Yesterday I was at one of my very favourite places, St. Barnabas' Warrington. Even though there were a few people away the little church still looked and felt pleasantly full. It was Te Pouhere Sunday so I spoke about the early missions and the Treaty of Waitangi, but all the while I was thinking about something that had been preoccupying me for the past 24 hours. And that is transitions.

In the course of any given day we encounter situations where the rules of engagement change; where the ways of doing things and the things we say and even the things we think radically change. Take the service at St. Barnabas' for instance. For an hour or so I wore clothing that was more or less unexceptional in the context of the church but would have been bizarre should I have worn it while strolling down George St. in Dunedin. Inside the church we used language and concepts which would have been incomprehensible outside and we did things (communal singing, all sitting in rows facing the same way, kneeling and standing on cue, saying prayers aloud) which we would never dream of doing elsewhere. In other words, in the church context our rules of engagement change. We drop our normal everyday expectations and ways of engaging with each other and adopt a new set.

This doesn't just happen in church of course; we do it constantly. A family will have a set of rules which prevail when eating dinner and another for when visitors come and another when engaging in a spat and so forth. Schools, workplaces, clubs, all have their own various contexts and corresponding rules of engagement. We move seamlessly from one context to the next and as we enter or leave we make the appropriate shifts in behaviours and language.

As we make these changes there are little routines we go through to mark the shift from one reality to the next. At St. Barnabas a bell was rung, Lois, the priest in charge asked people to stand and sing a song, and hey presto!we were all in the little world of an Anglican liturgy. We stayed there until it had run its course when a set of ritualised words and my moving to the back of the church signaled that that little reality was over and people were free to chat, or do other activities not allowed in the liturgy but allowed in the world they were re-entering.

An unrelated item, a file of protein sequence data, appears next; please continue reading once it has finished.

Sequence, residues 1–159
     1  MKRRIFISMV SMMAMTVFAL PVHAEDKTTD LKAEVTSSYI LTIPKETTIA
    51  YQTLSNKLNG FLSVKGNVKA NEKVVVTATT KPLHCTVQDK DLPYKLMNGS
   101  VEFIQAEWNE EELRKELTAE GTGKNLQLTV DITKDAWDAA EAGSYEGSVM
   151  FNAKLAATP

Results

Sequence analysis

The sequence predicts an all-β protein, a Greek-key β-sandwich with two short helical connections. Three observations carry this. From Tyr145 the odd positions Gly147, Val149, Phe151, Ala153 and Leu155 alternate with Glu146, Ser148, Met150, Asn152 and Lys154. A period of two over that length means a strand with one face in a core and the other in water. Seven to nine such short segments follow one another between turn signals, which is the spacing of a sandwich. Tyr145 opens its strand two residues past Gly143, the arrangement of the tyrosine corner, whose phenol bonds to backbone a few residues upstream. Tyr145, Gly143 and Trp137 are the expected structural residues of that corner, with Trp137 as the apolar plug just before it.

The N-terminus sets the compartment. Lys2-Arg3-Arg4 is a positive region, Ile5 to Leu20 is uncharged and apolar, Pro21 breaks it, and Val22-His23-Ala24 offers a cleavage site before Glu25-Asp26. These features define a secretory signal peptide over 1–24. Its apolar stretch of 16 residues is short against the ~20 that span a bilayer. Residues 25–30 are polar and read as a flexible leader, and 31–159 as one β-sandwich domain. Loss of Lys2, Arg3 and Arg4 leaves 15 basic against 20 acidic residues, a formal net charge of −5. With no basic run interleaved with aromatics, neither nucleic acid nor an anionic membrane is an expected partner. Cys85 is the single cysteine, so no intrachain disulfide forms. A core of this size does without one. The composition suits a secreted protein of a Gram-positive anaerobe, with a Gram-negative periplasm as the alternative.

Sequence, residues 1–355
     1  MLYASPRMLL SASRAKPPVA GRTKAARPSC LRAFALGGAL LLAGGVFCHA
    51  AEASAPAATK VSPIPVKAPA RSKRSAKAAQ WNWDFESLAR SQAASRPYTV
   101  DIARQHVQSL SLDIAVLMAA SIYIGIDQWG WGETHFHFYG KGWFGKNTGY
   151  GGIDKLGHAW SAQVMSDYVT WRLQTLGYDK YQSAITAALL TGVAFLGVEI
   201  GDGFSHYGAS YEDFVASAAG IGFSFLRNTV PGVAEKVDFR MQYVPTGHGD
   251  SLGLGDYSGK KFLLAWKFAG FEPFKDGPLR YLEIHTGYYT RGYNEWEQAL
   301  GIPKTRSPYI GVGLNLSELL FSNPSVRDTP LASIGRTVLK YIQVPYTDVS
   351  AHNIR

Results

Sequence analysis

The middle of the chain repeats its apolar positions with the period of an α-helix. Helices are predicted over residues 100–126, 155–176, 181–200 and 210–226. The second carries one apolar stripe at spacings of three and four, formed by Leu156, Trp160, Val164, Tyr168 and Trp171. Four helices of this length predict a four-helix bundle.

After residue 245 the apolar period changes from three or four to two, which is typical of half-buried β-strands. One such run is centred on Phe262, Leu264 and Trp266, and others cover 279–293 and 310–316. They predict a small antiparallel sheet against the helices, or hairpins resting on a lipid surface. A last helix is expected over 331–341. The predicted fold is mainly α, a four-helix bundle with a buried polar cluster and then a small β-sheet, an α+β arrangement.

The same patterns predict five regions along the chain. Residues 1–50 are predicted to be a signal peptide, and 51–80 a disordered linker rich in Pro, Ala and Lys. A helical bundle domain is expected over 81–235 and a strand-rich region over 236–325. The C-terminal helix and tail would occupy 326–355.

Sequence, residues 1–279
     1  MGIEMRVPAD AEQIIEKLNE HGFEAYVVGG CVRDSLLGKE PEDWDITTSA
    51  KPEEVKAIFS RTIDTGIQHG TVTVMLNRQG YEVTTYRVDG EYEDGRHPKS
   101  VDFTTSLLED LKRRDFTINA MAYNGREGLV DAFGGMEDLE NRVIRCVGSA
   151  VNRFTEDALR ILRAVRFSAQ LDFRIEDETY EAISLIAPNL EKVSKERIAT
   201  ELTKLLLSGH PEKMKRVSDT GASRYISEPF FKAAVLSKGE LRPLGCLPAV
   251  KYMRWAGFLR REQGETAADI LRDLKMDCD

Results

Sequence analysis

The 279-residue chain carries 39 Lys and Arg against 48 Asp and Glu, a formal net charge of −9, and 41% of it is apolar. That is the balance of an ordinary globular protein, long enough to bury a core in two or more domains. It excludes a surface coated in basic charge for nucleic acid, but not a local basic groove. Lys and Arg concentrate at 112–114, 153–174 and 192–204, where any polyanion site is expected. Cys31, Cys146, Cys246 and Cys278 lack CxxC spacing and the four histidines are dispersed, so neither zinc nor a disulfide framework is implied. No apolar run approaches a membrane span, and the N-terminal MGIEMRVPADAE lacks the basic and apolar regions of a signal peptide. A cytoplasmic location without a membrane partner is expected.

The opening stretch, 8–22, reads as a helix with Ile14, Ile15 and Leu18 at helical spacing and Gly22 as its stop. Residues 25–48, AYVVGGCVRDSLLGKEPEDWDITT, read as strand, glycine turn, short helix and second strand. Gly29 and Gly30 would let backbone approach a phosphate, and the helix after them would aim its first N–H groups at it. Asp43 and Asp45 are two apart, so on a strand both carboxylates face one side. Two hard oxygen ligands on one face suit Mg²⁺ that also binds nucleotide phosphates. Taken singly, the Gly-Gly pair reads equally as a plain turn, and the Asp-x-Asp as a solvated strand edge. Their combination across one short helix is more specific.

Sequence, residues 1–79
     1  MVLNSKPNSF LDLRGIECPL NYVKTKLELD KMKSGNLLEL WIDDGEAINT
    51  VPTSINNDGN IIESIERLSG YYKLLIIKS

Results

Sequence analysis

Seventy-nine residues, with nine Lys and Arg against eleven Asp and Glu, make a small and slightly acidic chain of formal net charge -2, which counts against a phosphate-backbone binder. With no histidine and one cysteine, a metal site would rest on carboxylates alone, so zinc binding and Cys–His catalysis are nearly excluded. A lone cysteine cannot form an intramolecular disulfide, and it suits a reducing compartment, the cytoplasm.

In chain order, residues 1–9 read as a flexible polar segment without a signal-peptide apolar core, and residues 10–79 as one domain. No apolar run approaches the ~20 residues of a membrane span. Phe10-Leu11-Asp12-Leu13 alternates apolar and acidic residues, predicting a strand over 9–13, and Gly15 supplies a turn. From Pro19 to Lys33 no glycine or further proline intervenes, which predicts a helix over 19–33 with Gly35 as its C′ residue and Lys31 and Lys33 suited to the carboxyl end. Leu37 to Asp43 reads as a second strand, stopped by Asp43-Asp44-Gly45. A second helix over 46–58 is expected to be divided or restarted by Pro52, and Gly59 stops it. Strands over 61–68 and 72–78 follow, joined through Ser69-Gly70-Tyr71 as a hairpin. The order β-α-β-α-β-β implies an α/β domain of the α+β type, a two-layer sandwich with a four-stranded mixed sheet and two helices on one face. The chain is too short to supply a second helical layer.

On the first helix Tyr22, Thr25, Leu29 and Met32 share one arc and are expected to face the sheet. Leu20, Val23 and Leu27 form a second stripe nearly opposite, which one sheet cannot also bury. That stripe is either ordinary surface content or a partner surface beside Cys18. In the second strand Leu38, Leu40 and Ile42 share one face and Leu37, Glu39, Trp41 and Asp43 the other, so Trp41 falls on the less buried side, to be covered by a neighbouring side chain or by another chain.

What interests me are these transitions. There are many of these little rituals that we employ almost unconsciously as the day passes. We sit at table and say grace then pile the plates and move, together, away from the table. We sit on the mat and sing a song to mark the start of the school day and take our bags off the hook to mark its ending. We don our gym clothes and then shower and change back into our street clothes. It seems to me that if they are done well these small transitional rituals seamlessly link all the little sub worlds together and integrate them one with the other. If they are not done well they cause anxiety in all present, and cause our lives to feel and appear fragmented.

I don't want to do much more than note the existence of these little transitions, but they are significant for our liturgies (obviously) but I suspect also for the way the various aspects of our lives hang together. There's a PhD in there for someone. If you're scrabbling around for your thesis, feel free.


Merv said…
Wow, you make us think! Fascinating insights.
One of the fuzziest transitions is letting visitors go home after dinner (or extracting ourselves to go home). We need your PhD student to set down the rules.
John Marcon said…
Greetings Kelvin - How effective transitions are when managed well and how disastrous when ignorance, arrogance or stupidity damages the process. Having just presided at a funeral of a 38 year-old woman with Scottish, Maori and Chinese links - all sensitively expressed in the service contributions of the families was to see good grief through the celebration of a wonderful life while facing the anger and pain. Grief as a healing process through common humanitarian bonds.
What if the people of Israel and Gaza attended each others' funerals - would they find so much common ground that a new transition toward equity and justice bring the quality of peace required to end the conflict?
John Marcon
Anonymous said…
The biggest factor that stops people coming together world wide is religious difference. Religion is evil, it's one group "right" about life and how to live over another.
Faith/belief should be a personal thing, anything else gets in the way of spiritual evolution, as have all the major religions. For thousands of years they've spouted peace but brought war.
If you think this is not a truth, then you know not history, or are in denial.
Use the mind creation has given you, and come to your own thoughts about life and how to live.
Religions are nothing more than odd titbits of wisdom, wrapped up in the language of power and control.
People who attach to one faith over another can never come to gather in truth.
Kelvin Wright said…
Er .... right. Thanks for pointing out how all of us are wrong and you are right. And how if we all gave up our differences we could all come together ( that is all become the same?) Obviously those personally unevolved beings such as Francis of Assist, Mahatma Gandhi, Hildegard of Bingen and Julian of Norwich who cling to one of the major world faiths could never hope to come to the depth of insight achieved by yourself. I' d best be off now. I've got some important power and controlling to do.